That got me thinking about my own childhood and I was trying to remember if I received a lot of hugs. From my mom? No! I can’t remember her ever hugging me.  Hugs from my dad? Yes but more of the tousling my hair (knuckle sandwiches), pretending to get my nose between his fingers and the overall love that he showed which made me really feel special.  My siblings? No not until we were much older.

I think that growing up I was not emotionally secure. I felt insecure and it took me many years to feel worthy of love and have the inner strength to know that I could do anything I set my mind to.  I definitely spent years seeking attention and approval from many different people. It wasn’t until I had a daughter of my own that I realized hugs had been missing in my own childhood. I couldn’t hug her enough.  I didn’t understand why my mother was not more affectionate with me and my sisters. To make matters worse she adored my brother (10 years younger than my younger sister) and he never lacked the hugs and attention from her like we did.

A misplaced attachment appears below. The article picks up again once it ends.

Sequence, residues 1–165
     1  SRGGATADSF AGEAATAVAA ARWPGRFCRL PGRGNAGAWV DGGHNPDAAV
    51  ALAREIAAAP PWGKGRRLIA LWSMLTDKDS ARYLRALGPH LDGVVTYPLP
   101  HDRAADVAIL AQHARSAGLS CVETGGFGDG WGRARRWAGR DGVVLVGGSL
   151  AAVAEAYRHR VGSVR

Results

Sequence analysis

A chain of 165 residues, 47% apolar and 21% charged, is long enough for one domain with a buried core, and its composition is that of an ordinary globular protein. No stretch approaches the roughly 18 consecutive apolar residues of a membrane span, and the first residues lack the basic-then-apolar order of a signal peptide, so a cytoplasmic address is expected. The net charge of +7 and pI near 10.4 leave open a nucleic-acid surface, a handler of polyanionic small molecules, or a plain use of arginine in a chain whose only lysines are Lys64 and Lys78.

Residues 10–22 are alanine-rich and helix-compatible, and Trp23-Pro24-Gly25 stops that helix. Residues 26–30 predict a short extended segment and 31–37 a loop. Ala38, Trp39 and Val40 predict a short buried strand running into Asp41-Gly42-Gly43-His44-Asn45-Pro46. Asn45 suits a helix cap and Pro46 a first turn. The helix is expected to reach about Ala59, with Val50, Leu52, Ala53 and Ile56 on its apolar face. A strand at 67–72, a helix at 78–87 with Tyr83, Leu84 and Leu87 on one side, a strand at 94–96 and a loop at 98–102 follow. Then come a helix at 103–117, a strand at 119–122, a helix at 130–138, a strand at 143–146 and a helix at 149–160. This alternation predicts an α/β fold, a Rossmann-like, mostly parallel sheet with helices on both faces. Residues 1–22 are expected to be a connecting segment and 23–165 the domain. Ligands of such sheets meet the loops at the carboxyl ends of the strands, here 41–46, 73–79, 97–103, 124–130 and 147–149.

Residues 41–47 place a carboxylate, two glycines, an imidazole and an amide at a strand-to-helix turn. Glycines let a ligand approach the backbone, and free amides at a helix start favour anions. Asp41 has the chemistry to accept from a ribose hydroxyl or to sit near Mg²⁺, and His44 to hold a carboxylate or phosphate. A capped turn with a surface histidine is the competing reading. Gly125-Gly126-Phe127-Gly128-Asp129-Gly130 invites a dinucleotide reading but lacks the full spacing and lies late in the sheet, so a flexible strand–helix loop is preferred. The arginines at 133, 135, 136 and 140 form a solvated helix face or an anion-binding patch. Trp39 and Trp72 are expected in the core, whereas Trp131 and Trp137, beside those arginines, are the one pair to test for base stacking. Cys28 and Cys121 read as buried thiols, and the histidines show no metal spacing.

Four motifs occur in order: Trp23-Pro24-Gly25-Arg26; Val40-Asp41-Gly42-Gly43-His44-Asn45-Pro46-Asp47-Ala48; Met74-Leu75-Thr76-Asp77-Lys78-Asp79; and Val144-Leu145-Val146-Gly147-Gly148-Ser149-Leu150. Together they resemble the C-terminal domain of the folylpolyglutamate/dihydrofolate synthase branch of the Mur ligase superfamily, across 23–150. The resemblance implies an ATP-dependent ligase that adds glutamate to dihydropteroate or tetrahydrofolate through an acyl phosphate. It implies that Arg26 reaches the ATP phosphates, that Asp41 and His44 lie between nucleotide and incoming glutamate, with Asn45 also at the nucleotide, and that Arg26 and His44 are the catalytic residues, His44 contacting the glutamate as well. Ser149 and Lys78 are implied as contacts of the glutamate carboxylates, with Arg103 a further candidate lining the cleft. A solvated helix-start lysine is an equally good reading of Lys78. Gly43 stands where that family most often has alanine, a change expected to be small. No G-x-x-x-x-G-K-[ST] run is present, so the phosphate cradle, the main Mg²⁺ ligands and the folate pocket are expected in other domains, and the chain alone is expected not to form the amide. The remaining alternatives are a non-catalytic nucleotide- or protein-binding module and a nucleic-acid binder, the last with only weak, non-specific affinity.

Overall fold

Parents, I want to encourage you to hug your children. Maybe not overdo it with your teenagers in public so that they are embarrassed, but let them know how special they are. Maybe start with a  loving pat on the back several times a day.  Maybe you already do that. If hugs are missing in your life, I know that it can feel uncomfortable to start now but it is really important to have that physical, I love you, contact with your children. Research shows that inwardly they are craving it, no matter what they say.

Here’s are some sites that have a lot of good information on hugs:

“Hugs are good for you”.

“Can a hug make teenagers less terrible.”

“Do teens need hugs?”

I would love to hear how you connect with your teenagers. Have you hugged them today? What is your advice on how other parents can get started to implement that into their daily life.

I send you a hug,


Visit us on our official website at My Turn Your Turn is a co-parenting website that organizes families and improves communication between co-parents sharing children due to divorce or separation.  Specializing in co-parenting tools and shared parenting resources including an online custody calendar,  online divorce journal, child support tracker and more for blended families, single parents and high conflict divorce cases.